Abnormal signal-averaged electrocardiograms in patients with nonischemic congestive cardiomyopathy: relationship to sustained ventricular tachyarrhythmias.
We assessed whether signal-averaged electrocardiography could identify patients with sustained ventricular arrhythmias in 41 patients with non-ischemic cardiomyopathy. Twelve of these patients presented with sustained ventricular arrhythmia and 29 patients had no history of sustained ventricular arrhythmias. The mean ejection fractions in the groups were 30 +/- 9% and 24 +/- 9%, respectively. Results were compared with signal-averaged electrocardiograms in 55 normal individuals. The filtered QRS duration was longest in patients with sustained ventricular arrhythmias (130.2 +/- 19.5 vs 105.0 +/- 13.1 msec in the group without sustained ventricular arrhythmia, p less than .001 and 95.9 +/- 9.1 in the normal group, p less than .001). The voltage in the last 40 msec of the filtered QRS was lower in the sustained ventricular arrhythmia group (11.3 +/- 9.3 microV) than the group without sustained ventricular arrhythmia (53.5 +/- 28.3 microV; p less than .001) or the normal group (53.7 +/- 25.2 microV; p less than .001). Eighty-three percent of patients in the sustained ventricular arrhythmia group had an abnormal signal-averaged electrocardiogram characterized by both a long filtered QRS duration and a late potential of low voltage level; only 2% of normal subjects and 14% of patients without sustained ventricular arrhythmias had an abnormal signal-averaged electrocardiogram. The signal-averaged electrocardiogram can identify patients with nonischemic congestive cardiomyopathy and sustained ventricular arrhythmias.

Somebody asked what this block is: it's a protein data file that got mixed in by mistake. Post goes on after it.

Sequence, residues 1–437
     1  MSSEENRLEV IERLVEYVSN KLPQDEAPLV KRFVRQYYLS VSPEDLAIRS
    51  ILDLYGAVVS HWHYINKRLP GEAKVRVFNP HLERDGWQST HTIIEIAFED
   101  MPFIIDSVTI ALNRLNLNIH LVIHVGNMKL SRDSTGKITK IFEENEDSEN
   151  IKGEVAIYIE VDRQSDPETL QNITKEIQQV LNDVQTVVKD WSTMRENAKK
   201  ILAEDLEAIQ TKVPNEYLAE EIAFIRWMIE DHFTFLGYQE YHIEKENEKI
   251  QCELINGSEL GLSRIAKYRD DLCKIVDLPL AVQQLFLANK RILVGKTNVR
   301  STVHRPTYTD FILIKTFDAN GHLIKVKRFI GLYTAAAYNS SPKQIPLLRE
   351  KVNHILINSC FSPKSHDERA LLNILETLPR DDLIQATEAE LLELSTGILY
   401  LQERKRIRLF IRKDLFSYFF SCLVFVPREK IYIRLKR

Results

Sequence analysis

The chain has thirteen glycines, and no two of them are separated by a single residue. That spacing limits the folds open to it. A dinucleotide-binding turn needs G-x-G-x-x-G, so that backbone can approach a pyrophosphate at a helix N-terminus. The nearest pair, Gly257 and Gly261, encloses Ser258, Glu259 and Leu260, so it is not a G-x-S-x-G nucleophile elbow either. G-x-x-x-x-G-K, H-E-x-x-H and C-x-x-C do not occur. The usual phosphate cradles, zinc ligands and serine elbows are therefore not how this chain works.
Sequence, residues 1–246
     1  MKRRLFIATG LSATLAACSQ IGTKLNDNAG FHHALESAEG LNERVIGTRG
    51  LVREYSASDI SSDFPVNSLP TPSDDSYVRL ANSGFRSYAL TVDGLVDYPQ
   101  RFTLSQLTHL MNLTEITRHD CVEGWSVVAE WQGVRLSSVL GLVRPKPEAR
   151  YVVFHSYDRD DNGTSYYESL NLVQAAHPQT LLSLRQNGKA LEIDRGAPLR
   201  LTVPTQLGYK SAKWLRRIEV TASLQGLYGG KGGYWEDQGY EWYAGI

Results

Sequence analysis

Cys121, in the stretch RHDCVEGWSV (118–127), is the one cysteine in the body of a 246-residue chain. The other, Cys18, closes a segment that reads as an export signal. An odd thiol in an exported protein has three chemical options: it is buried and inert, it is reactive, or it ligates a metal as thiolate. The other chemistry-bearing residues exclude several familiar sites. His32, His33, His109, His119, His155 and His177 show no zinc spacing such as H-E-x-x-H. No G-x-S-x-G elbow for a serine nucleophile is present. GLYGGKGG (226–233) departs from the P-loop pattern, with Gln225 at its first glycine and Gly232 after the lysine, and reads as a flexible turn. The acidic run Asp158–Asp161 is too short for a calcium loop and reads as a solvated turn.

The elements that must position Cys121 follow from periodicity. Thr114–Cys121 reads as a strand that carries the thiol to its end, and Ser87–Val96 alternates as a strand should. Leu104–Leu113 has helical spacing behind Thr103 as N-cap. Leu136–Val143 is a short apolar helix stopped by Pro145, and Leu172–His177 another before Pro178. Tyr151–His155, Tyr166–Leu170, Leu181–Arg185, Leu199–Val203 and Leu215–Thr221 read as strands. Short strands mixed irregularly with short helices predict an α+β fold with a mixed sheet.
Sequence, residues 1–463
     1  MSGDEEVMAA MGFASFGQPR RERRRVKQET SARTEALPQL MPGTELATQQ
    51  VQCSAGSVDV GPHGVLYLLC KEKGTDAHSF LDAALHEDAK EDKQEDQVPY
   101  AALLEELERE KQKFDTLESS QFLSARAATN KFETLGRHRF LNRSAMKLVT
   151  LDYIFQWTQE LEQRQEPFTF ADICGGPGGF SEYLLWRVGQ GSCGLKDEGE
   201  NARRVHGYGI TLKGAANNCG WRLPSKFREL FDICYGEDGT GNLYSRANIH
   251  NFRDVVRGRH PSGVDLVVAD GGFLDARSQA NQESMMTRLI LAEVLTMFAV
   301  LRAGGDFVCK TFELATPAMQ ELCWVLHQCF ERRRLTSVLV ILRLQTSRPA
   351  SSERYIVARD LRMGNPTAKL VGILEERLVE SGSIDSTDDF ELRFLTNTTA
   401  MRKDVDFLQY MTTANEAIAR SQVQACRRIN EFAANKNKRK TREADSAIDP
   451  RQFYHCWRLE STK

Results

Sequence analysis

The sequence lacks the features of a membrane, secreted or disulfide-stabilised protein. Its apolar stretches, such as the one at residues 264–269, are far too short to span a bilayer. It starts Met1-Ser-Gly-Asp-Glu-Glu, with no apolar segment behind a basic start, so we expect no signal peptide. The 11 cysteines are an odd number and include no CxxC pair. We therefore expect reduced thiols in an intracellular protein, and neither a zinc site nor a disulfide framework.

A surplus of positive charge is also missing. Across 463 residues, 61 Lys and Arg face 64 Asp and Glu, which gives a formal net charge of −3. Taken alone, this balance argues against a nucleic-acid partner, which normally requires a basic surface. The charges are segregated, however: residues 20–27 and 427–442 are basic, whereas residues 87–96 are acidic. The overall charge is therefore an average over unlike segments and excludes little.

- Copyright © 1985 by American Heart Association